Identify a Set of SMART Communication Objectives
Should an emergency occur, countries will need to develop a set of communication objectives. If countries have explored qualitative and quantitative studies about household behaviors, cultural and social norms that govern behaviors, traditional beliefs, health seeking practices, knowledge about key health information and media habits in advance, and expanded that information base with data about the emergency, then developing these objectives will be fairly straightforward. As indicated previously, communication objectives concisely describe desired changes in the audiences as a result of seeing, hearing, participating in or having heard about a specific SBCC intervention. Behavioral factors that influence these changes include (but are not limited to) knowledge, thoughts, beliefs, feelings or practices. Communication objectives should be developed according to the audiences’ communication needs linked to the emergency and should address the factors most likely to contain the outbreak as determined by the program objectives. Unit 2: Rapid Needs Assessment, Unit 4: Audience Analysis & Segmentation and Unit 5: Audience Profiling can help you develop appropriate, evidence-based communication objectives.
Communication objectives need to be SMART. The acronym SMART, described below, is used to highlight some important criteria that help focus the objective and monitor progress.
pecific: The objective should clearly define the expected outcome and should answer questions such as who is involved what will be achieved and where. A specific objective will help define activities. easurable: The objective should include an indicator of progress and should answer questions such as how often or how much. This will determine whether the objective is achieved. ttainable: The expected change defined in the objective should be realistic within the given timeframe and with the available resources. elevant: The objective should contribute to achieving the overall program goal. This will support developing activities that are important to the program. ime-bound: The objective should include a timeframe for achieving the desired change.
An easy way of developing measurable communication objectives is to ask the following three questions:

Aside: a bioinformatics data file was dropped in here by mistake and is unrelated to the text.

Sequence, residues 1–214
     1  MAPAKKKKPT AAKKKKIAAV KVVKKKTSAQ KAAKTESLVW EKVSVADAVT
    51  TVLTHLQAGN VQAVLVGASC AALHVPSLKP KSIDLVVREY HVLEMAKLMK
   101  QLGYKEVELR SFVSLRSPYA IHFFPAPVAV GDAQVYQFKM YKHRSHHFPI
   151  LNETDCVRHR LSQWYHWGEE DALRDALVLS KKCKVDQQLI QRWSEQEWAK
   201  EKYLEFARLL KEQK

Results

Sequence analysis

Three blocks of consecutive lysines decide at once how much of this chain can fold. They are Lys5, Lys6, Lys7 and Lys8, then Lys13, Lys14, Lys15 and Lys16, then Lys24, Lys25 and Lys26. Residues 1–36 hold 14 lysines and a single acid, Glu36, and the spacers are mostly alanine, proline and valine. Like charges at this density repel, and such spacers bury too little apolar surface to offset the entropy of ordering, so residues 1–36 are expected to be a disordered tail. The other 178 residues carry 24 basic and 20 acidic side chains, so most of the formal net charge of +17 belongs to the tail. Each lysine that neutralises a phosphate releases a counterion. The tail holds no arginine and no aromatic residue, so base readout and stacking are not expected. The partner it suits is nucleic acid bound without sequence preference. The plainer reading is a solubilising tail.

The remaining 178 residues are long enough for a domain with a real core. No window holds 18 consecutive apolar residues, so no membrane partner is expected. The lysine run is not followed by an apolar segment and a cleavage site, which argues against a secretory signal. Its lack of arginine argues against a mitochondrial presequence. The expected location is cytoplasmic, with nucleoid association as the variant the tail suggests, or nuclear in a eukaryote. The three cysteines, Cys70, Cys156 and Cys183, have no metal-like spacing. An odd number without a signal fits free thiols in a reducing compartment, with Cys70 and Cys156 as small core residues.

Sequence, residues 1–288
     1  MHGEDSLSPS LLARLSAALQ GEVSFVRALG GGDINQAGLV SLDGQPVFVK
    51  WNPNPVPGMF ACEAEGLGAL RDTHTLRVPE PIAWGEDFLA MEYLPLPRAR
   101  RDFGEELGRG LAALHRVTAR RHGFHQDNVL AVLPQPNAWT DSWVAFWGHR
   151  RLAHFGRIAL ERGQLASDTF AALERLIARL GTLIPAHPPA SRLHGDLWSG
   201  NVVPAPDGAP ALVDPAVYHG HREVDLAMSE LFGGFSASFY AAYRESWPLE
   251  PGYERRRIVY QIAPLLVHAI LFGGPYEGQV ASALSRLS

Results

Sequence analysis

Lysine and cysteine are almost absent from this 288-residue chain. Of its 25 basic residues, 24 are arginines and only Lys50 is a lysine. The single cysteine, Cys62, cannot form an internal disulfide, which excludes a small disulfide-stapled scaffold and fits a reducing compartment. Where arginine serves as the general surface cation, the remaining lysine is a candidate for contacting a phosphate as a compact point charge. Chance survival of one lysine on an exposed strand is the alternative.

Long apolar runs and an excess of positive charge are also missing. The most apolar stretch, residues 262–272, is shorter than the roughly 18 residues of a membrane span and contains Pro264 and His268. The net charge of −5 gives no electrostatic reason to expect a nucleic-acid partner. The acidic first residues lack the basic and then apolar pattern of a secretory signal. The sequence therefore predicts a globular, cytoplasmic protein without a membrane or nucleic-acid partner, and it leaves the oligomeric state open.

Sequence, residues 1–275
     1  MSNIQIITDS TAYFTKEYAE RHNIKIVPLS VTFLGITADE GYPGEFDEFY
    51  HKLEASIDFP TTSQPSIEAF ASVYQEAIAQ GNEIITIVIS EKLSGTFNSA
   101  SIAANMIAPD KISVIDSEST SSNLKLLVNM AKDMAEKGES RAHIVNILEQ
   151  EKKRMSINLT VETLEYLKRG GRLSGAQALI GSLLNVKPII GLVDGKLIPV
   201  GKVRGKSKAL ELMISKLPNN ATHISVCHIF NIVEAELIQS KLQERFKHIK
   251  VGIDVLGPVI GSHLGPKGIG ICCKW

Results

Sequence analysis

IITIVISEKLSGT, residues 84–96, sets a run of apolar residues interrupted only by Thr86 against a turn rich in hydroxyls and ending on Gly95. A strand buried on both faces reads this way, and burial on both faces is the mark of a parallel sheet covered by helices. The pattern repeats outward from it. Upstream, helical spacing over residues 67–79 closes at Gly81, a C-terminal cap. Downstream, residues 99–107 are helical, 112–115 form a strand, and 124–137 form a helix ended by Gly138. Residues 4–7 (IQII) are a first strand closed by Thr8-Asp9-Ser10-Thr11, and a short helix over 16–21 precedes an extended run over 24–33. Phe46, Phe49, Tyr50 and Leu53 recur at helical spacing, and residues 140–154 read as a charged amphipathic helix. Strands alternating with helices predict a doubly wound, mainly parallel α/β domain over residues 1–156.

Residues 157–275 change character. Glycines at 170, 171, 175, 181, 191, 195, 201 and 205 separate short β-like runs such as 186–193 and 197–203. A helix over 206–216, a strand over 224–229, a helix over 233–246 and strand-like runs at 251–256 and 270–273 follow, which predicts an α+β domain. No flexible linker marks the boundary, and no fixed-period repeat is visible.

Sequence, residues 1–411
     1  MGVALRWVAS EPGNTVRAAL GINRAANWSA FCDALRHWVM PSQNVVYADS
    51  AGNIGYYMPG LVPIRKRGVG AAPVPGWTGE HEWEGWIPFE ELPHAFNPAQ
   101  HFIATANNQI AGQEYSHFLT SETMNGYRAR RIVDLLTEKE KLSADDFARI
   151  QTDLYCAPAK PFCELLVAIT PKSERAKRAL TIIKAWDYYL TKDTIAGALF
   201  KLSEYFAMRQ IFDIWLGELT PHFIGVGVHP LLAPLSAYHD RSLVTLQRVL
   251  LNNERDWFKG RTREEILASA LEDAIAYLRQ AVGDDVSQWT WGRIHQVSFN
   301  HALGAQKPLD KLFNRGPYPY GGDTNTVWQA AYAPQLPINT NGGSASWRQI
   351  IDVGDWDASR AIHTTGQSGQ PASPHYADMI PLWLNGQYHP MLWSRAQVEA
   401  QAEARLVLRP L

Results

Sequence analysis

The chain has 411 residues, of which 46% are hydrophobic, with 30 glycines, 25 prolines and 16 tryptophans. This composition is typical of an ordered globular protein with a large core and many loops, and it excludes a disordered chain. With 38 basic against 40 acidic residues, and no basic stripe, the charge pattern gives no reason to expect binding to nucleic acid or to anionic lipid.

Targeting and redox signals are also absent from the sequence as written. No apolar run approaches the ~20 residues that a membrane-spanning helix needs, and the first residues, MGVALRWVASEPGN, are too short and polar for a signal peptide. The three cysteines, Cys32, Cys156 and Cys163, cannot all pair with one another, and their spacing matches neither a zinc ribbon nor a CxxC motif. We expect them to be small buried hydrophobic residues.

- What do you want your audience to do?
- When do you want your audience to do it?
- What is the benefit to the audience if they do what you want them to do?
Examples of SMART objectives are listed in the table below, together with the behavioral factor each aims to influence. The third column of the table provides sample indicators to measure progress towards achieving the objective (discussed later in this Unit).
SMART Communication Objectives with Behavioral Factors and Sample Indicators
|Behavioral Factors Addressed
|Within the next three months, all households in Community X will know the importance of washing hands with soap to stop the spread of cholera.
|Percentage of households that know about the importance of washing their hands with soap.
|Within the next six months, handwashing with soap among households in Community X will have increased from 55% to 95%.
|Percentage of households washing their hands with soap
|Within the next six months, all CHWs in Community X will counsel household members on the importance of handwashing with soap to prevent cholera.
|Number of CHWs trained to counsel household members to practice handwashing in Community X.
To help you establish SMART objectives, keep the following tips in mind:
- Prioritize behaviors that will have the greatest impact in meeting emergency control and prevention objectives.
- Use only one action verb in each objective. Using several verbs implies that several activities and/or behaviors are being measured.
- Be specific about the target population and the behavior or issue being addressed by the objective.
- Consider that, during an emergency, the availability of products and services necessary to practice the behaviors promoted by the objectives may be affected.
- Remember that it may be necessary to develop different objectives for each phase of the emergency. Some objectives will therefore have a short timeframe, while others may have a longer one.
Exercise: Assessing Your Communication Objectives
Once you have developed communication objectives, you can use the checklist below and Worksheet 6.1 to assess whether they are SMART and to identify how to improve them.